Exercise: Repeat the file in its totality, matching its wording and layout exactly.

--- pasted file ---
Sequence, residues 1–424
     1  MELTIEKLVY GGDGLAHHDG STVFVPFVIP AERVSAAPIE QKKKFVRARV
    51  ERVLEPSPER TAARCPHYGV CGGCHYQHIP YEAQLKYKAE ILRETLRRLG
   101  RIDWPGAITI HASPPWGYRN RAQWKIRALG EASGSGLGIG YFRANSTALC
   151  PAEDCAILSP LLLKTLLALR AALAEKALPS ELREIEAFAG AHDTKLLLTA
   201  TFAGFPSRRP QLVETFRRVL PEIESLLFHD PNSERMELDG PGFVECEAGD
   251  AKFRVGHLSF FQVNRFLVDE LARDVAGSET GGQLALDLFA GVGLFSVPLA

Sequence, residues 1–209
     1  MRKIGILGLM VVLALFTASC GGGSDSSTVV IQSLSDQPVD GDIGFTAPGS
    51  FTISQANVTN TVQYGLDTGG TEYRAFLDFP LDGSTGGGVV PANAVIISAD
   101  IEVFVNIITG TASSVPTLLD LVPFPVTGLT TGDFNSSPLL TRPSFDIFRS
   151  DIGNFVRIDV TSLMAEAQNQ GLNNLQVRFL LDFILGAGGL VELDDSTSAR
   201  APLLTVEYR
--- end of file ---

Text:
Sequence, residues 1–424
     1  MELTIEKLVY GGDGLAHHDG STVFVPFVIP AERVSAAPIE QKKKFVRARV
    51  ERVLEPSPER TAARCPHYGV CGGCHYQHIP YEAQLKYKAE ILRETLRRLG
   101  RIDWPGAITI HASPPWGYRN RAQWKIRALG EASGSGLGIG YFRANSTALC
   151  PAEDCAILSP LLLKTLLALR AALAEKALPS ELREIEAFAG AHDTKLLLTA
   201  TFAGFPSRRP QLVETFRRVL PEIESLLFHD PNSERMELDG PGFVECEAGD
   251  AKFRVGHLSF FQVNRFLVDE LARDVAGSET GGQLALDLFA GVGLFSVPLA

Sequence, residues 1–209
     1  MRKIGILGLM VVLALFTASC GGGSDSSTVV IQSLSDQPVD GDIGFTAPGS
    51  FTISQANVTN TVQYGLDTGG TEYRAFLDFP LDGSTGGGVV PANAVIISAD
   101  IEVFVNIITG TASSVPTLLD LVPFPVTGLT TGDFNSSPLL TRPSFDIFRS
   151  DIGNFVRIDV TSLMAEAQNQ GLNNLQVRFL LDFILGAGGL VELDDSTSAR
   201  APLLTVEYR